MarketScale has been following infulential members of the AEC community through our Faces of Design series, chronicalling architects, designers, and influencers who set an example of excellence. For our final episode of season 1, we profiled Eric Edelson, the CEO of Fireclay Tile, who took a dying company during the 2008 recession and breathed life back into it. Now, it’s worth several million dollars, and is growing at an unprecedented rate.
Rejoined by AEC contributor Bryce Stuckenschneider on this supplementary podcast to our main video on Edelson, we pull the curtain back and get more insight on his journey into the AEC industry, an industry he knew nothing about before joining the Fireclay team. His lack of experience but success regardless is a testament to the power of focused, thoughtful leadership. We analyze that methodology for leadership, how Edelson identified the issues at Fireclay, and the initiative he had to take to deliver bad news. But most importantly, Edelson explains to us how powerful software was the single most important change he brought to Fireclay, and why it saved the company.
HIGHLIGHTS FROM THE EPISODE
Daniel Litwin: So obviously bringing technology into the picture helped revolutionize what Fireclay could do and I know you had some specific softwares that you were gung-ho about that, “Hey, look, we have to implement this into our daily operations because it’s going to empower us in ways that you don’t even imagine.” So that includes stuff like Salesforce, Asana, Zenefits. Tell me a bit about how you implemented those technologies and what your thought process was for, “Okay, why does this company need blank? Why does it need blank and how did it turn the company around?”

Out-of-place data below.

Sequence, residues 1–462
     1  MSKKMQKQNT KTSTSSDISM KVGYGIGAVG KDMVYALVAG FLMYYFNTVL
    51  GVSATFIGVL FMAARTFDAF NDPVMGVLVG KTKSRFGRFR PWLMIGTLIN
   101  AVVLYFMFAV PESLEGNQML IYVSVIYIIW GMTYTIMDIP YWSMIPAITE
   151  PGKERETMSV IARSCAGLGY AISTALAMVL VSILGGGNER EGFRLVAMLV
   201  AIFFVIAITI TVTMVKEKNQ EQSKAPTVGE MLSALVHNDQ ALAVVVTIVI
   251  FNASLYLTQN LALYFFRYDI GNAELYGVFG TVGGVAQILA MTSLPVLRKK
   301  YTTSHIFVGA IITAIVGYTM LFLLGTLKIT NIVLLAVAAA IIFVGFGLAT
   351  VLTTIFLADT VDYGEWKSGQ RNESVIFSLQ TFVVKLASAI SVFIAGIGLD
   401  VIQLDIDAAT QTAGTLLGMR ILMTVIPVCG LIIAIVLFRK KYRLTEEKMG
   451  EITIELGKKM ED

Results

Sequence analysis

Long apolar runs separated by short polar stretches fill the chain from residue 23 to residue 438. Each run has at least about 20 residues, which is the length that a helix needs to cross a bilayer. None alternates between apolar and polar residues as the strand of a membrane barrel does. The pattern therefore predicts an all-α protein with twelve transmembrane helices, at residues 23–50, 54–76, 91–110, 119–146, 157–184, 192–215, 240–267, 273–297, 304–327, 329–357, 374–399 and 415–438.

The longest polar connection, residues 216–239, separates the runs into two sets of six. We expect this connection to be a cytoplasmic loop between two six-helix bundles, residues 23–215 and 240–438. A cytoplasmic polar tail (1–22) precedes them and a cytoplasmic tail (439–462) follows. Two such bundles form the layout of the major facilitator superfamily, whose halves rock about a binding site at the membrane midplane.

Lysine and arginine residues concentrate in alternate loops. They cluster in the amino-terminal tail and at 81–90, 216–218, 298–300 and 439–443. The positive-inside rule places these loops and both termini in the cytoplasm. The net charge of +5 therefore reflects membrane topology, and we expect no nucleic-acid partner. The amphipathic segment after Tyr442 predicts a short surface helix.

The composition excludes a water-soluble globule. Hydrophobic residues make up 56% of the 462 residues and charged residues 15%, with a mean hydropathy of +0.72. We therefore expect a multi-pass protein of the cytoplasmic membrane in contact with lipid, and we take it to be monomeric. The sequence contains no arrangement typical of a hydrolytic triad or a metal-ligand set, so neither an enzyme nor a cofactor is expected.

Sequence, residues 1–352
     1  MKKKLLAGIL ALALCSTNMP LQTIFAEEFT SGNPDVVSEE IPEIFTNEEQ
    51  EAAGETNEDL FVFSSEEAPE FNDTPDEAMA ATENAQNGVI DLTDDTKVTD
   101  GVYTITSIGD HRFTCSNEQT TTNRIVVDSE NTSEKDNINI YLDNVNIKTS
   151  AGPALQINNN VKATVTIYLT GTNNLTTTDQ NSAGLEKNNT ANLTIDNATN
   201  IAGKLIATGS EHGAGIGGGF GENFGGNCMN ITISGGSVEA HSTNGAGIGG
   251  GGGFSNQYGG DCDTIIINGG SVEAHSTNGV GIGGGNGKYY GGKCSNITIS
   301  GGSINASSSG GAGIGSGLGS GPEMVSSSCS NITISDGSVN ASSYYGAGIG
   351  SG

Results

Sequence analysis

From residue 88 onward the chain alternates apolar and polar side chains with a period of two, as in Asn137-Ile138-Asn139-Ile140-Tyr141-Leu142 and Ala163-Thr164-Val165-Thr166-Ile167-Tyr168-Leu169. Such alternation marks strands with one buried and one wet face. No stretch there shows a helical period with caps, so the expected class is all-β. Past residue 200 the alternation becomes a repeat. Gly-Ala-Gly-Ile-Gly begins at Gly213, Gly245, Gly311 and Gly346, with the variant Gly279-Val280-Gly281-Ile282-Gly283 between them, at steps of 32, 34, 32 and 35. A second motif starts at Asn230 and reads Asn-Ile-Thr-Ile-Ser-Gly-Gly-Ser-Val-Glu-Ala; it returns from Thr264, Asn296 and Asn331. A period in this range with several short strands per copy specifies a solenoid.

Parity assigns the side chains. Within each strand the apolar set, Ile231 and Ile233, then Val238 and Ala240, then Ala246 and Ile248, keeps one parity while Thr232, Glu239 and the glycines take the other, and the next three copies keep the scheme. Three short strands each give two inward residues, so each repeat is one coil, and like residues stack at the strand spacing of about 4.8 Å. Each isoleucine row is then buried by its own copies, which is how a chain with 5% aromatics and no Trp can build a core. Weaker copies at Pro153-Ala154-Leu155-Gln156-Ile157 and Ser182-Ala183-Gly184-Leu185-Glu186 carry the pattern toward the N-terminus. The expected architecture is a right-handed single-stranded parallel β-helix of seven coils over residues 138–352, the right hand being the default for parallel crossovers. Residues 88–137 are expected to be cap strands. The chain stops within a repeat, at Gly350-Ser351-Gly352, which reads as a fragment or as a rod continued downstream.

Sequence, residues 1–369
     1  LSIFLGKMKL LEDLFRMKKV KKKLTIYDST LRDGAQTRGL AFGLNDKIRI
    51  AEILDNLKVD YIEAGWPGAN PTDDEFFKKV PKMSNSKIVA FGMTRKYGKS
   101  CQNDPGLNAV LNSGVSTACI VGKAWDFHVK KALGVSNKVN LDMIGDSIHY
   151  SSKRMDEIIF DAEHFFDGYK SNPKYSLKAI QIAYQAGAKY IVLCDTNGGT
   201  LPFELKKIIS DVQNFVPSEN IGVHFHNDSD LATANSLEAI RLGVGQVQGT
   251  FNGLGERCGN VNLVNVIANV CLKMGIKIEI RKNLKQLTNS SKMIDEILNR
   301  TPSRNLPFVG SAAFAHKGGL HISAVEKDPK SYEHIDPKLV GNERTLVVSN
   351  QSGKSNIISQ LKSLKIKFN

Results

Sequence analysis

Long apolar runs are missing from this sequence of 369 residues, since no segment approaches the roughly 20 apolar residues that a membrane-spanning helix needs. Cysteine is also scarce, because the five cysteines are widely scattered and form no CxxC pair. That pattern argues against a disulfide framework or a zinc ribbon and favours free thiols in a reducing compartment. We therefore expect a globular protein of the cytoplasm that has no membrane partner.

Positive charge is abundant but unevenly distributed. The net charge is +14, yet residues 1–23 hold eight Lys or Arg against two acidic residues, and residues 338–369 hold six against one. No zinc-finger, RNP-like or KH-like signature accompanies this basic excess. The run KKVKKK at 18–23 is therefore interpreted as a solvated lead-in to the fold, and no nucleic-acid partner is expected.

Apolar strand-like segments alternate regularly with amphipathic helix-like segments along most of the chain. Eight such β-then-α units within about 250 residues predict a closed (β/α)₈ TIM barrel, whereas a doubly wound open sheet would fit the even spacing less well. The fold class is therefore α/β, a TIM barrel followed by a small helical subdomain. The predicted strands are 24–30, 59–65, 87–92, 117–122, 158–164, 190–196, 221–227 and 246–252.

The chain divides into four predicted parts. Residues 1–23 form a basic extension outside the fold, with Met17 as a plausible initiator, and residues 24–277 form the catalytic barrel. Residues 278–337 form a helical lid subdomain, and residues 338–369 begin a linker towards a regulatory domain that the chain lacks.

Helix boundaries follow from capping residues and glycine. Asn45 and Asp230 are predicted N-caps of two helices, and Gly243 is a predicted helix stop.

Eric Edelson: Yeah. So to paint the picture back in 2009, it was really bleak for this company. Sales were cratering. There was no money in the company, owed quite a bit of money to a variety of vendors and banks. So there was really nothing. We did a pretty quick immediately layoff. One of the things I really like about Paul is he acted quickly. So pretty much my first day we shut one of two factories that the company had down and had to lay off about eight people, which was really a struggle but at the same time it was absolutely necessary because there was no money.
And for the first six months, had Paul kind of structure our agreement. I said, “You know, when there’s money, I’ll pay myself what you’re paid,” which literally wasn’t very much money. Because I just felt like, “You know, any dollars to me in Day 1 wouldn’t really help the business.” So I took all of that money and really deployed it at software. So really quickly we took what they already had which is an old file maker process and they have this outdated accounting software. There’s a whole story about his accountant who quit about two weeks after I joined. It turned out she’s been embezzling about $30,000 behind Paul’s back.